&#948;<super>15</super>n in mollusk shells as a potential paleoenvironmental proxy for nitrogen loading in chesapeake bay

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Crassostrea virginica is one of the most common oyster species in North America and is frequently found in archaeological sites and sub-fossil deposits, especially in the eastern US. Although there have been several sclerochronological studies on δ13C and δ18O in the shells of this species, little is known about δ15N stored within the shells, which could potentially be a useful paleoenvironmental proxy to determine nitrogen loading and the subsequent anthropogenic impacts within an area. In order to potentially serve as paleoenvironmental proxies for N loading, bivalve shells' organic matter needs to remain chemically unaltered. Since ancient peoples cooked most archaeological shells before depositing them in shell middens, it is necessary to determine if prehistoric cooking methods alter either %N or δ15N stored within the shells. Twenty C. virginica oysters and twenty-two Mercenaria spp. clams were treated to five different prehistoric cooking methods: direct exposure to hardwood coals, roasting above hardwood coals, roasting in a dry oven, boiling in freshwater, or boiling in seawater. Each shell was bisected through the resilifer with one half treated with one of the five prehistoric cooking methods and the remaining half serving as a control. With the exception of roasting above the hardwood coals, prehistoric cooking methods do not significantly alter either %N or δ15N within the shells. Those shells roasted above the coals were typically enriched in both %N and δ15N , which is likely an effect of smoke coming from the hardwood coals and infiltrating pore spaces within the outer layers of the shell. Ninety archaeological C. virginica shells ranging in age from ~120 to 3,400 years old and thirty-two modern C. virginica shells were collected in Chesapeake Bay at the Smithsonian Environmental Research Center in Edgewater, Maryland. One valve from each shell was sub-sampled and the calcite powder was analyzed (without acidification pretreatment) using an EA-IRMS system equipped with a CO2 trap to determine the %N and δ15N content of the shells. Comparison of %N and δ15N in C. virginica shells from the six different time periods studied show relatively constant values from ~3,400 years ago to 1820 AD. Between 1820 and 1890, there are rapid increases in both %N and δ15N in the shells, which continue to exponentially increase in value to the modern shells. The increases in %N and δ15N are correlated with increased anthropogenic impact due to human population, sewage discharge, and urbanization in Chesapeake Bay at this time. Therefore, it is likely that C. virginica shells can be used as a paleoenvironmental proxy to measure the anthropogenic impact of a specific area over time. However, the constant, relatively low %N and δ15N values from ~3,400 years ago to 1820 AD compared to the increased N concentrations and enriched δ15N shells from the modern periods could be influenced by diagenetic alteration of the shell after burial in the midden. It is possible that the shells are losing N and preferentially losing 15N over time. More research is necessary to determine if bivalve shells are geochemically stable with regard to N over time or if diagenesis is likely to have occurred in these shells.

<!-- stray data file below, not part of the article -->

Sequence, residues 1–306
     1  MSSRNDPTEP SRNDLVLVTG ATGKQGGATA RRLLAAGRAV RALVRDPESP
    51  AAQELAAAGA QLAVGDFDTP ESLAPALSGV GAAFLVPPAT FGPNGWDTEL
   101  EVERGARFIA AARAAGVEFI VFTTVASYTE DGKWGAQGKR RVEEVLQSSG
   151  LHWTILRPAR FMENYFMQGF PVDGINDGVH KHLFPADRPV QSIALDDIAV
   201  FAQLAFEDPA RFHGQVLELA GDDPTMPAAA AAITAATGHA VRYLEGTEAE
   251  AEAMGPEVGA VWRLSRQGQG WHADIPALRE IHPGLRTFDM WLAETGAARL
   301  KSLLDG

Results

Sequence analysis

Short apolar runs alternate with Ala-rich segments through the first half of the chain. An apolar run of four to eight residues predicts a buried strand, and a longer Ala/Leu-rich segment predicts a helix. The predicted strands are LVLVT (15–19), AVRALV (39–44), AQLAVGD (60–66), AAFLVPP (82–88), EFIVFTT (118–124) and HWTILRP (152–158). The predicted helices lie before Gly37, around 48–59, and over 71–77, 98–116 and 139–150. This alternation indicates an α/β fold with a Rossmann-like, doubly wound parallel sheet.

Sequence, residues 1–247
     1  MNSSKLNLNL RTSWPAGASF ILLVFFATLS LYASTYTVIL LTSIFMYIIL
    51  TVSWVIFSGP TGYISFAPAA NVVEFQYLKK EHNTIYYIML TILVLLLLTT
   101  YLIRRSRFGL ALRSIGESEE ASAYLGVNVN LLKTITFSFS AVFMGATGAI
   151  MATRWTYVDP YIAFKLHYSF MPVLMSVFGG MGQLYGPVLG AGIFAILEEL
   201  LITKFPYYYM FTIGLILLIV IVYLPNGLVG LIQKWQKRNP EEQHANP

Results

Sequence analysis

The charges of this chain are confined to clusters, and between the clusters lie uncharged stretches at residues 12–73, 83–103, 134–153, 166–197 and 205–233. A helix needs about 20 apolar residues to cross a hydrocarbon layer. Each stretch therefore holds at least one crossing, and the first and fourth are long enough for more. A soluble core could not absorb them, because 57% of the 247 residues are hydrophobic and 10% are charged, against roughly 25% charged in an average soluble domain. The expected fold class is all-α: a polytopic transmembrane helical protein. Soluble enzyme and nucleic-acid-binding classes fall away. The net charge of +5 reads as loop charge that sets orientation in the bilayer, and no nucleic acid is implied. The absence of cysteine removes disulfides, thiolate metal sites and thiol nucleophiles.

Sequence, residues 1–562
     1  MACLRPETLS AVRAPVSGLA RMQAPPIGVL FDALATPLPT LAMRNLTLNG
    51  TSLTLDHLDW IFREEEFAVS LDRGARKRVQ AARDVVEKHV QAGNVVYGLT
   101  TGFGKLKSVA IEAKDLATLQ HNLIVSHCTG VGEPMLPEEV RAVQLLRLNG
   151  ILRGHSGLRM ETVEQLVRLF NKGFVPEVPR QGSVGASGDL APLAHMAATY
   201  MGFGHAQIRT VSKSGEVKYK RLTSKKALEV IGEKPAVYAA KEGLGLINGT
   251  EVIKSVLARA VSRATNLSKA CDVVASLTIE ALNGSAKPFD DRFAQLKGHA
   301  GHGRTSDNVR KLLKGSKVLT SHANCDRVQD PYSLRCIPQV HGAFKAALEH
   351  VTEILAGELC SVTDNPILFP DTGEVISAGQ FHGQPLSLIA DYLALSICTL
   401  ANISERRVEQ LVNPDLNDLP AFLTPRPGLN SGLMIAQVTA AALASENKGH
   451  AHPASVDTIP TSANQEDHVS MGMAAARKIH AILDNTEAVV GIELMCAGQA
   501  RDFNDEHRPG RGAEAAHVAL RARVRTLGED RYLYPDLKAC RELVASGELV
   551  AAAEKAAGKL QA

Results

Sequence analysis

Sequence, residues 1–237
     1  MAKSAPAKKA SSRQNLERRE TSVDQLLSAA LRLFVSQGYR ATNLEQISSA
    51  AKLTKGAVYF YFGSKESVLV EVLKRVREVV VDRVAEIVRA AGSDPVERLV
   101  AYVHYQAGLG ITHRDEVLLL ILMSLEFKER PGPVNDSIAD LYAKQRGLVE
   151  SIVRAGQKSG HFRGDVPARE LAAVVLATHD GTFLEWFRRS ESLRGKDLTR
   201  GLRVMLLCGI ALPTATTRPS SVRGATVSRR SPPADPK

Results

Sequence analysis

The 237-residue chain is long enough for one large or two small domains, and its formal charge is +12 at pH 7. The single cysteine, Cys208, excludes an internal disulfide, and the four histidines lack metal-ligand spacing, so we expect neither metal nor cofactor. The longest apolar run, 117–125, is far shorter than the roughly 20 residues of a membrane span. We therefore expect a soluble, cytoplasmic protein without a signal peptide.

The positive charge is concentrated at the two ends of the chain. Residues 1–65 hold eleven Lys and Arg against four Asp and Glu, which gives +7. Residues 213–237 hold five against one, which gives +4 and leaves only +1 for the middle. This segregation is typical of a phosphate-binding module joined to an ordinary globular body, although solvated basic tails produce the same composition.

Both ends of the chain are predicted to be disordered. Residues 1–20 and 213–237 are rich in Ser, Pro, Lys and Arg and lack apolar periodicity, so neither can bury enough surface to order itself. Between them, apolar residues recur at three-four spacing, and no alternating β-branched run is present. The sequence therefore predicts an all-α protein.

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Geology, Archaeology, Biogeochemistry